The MIT SCUBA course does not follow any recommendations for online instruction as it is comprised solely of a series of video recordings of lectures and demonstrations. This echoes exactly what Simonson, Smaldino, Albright, and Zvacek describe as “the model of teaching employed during the instructional television era of distance education” (2012, p.123) in which the instructor simply mimicked the conventional classroom. When planning for instruction at a distance, Teaching and Learning at a Distance (Simonson et al., 2012) states that previously delivered classroom instruction often needs to be retooled, with a shift toward “visual presentations, engaged learners, and careful timing of presentation of information” (p.153). This, however, is not the case in regards to Taylor’s (Spring 2007) SCUBA course. Another key aspect related to distance instruction is that of learner interaction or group work and, in this case, this it simply is not an option since the course was delivered in the past.
While Teaching and Learning at a Distance (Simonson et al., 2012) concedes that there is no one best way to teach a distance education course, it does note that the lecture “has been repeatedly demonstrated through research” (p.159) to be the least effective means of delivering online instruction. The SCUBA course fails in nearly every facet of characteristics that make up an effective distance learning environment. There is no variety in the delivery of the course or the media selection. There is no availability for learner interaction so there is no option for reflection or feedback and the course readings and resources are listed but not available.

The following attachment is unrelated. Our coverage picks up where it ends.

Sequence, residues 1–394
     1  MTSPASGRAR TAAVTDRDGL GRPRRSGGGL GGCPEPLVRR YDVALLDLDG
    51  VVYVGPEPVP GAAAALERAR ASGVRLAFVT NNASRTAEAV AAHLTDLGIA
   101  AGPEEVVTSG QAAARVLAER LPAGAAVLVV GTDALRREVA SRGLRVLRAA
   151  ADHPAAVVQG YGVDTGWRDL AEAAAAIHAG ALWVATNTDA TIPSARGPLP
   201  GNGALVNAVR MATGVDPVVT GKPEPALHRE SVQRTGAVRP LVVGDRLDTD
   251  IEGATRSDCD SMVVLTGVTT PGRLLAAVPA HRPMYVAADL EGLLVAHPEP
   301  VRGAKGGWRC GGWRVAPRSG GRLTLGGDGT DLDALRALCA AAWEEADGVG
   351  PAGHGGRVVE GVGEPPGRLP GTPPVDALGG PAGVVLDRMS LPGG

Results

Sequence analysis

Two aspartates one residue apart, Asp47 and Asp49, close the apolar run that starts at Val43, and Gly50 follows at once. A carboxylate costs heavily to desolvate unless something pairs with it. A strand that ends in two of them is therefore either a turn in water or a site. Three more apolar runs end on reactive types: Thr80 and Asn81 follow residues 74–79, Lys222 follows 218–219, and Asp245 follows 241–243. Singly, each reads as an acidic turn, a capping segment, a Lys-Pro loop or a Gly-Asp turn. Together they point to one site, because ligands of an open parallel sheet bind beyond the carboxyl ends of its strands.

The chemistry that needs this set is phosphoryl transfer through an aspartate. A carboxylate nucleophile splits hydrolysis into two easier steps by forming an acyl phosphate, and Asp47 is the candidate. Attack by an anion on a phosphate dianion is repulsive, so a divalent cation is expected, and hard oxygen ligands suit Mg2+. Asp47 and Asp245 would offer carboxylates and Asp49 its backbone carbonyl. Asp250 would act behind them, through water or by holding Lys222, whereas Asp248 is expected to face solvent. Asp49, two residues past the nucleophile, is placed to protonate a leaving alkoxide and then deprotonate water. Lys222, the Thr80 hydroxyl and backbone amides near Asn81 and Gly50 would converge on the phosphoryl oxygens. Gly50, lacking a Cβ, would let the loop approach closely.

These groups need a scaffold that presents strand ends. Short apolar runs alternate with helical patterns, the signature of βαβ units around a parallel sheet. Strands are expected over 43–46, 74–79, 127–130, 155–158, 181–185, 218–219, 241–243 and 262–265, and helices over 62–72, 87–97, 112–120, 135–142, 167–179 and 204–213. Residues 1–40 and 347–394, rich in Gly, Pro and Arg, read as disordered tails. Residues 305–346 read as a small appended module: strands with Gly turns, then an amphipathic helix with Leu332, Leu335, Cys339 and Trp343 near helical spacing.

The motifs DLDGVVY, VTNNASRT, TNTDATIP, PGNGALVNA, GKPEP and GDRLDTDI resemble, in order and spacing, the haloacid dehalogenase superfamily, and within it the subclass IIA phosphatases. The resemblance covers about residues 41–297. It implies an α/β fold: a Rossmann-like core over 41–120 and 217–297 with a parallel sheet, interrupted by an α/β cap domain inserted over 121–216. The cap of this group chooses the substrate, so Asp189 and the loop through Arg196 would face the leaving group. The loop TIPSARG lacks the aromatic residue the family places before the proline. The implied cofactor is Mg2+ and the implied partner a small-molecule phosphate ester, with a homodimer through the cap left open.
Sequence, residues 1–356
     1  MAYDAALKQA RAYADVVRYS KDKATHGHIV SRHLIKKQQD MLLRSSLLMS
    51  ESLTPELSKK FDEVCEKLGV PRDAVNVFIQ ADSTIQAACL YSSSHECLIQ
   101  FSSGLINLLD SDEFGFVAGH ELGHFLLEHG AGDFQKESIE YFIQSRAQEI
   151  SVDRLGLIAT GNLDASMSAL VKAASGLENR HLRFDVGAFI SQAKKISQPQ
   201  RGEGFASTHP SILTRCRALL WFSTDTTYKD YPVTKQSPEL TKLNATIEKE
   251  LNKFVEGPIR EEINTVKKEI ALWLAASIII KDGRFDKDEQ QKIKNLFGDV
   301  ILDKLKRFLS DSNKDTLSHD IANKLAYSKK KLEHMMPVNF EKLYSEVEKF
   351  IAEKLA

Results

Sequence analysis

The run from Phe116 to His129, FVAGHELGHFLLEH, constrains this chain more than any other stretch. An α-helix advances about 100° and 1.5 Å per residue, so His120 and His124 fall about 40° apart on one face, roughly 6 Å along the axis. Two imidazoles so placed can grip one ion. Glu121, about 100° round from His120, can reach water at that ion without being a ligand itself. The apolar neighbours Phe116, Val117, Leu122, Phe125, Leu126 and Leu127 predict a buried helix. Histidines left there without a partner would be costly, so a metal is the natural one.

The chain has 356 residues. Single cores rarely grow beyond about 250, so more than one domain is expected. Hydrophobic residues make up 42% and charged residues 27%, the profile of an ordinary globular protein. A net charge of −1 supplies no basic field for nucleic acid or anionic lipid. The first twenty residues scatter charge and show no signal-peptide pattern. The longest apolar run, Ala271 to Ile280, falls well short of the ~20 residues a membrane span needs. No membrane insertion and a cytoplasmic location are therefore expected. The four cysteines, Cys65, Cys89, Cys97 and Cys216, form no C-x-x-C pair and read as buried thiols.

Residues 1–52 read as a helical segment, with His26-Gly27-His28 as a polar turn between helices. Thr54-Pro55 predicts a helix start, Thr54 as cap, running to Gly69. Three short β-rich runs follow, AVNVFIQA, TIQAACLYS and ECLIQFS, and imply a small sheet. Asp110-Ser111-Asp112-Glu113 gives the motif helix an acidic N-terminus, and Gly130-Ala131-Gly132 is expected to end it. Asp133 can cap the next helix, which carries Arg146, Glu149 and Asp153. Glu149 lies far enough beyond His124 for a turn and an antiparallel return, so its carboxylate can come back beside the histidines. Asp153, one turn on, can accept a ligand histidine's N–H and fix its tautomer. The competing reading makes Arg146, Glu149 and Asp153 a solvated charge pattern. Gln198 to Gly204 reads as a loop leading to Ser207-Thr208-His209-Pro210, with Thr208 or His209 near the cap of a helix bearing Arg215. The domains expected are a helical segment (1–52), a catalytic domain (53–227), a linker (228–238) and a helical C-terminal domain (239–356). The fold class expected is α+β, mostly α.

As mentioned before, the SCUBA course is extremely thorough in the content that it delivers and seems to be completely effective for the scenario in which it was delivered; a conventional classroom with hands-on activities. It is not, however, the most effective method for delivering instruction from a distance. While I greatly enjoyed the content of the course, the SCUBA course seems better suited for a face-to-face environment, especially considering that there is a tremendous amount of content and knowledge that can only truly be acquired through hands-on participation.
Simonson, M., Smaldino, S., Albright, M., & Zvacek, S. (2012). Teaching and learning at a distance: Foundations of distance education (5th ed.) Boston, MA: Pearson Education, Inc.
Taylor, H. (Spring 2007). PE.210 SCUBA. (Massachusetts Institute of Technology: MIT OpenCourseWare), http://ocw.mit.edu. License: Creative Commons BY-NC-SA Retrieved March 31, 2012 from http://ocw.mit.edu/courses/athletics-physical-education-and-recreation/pe-210-scuba-spring-2007/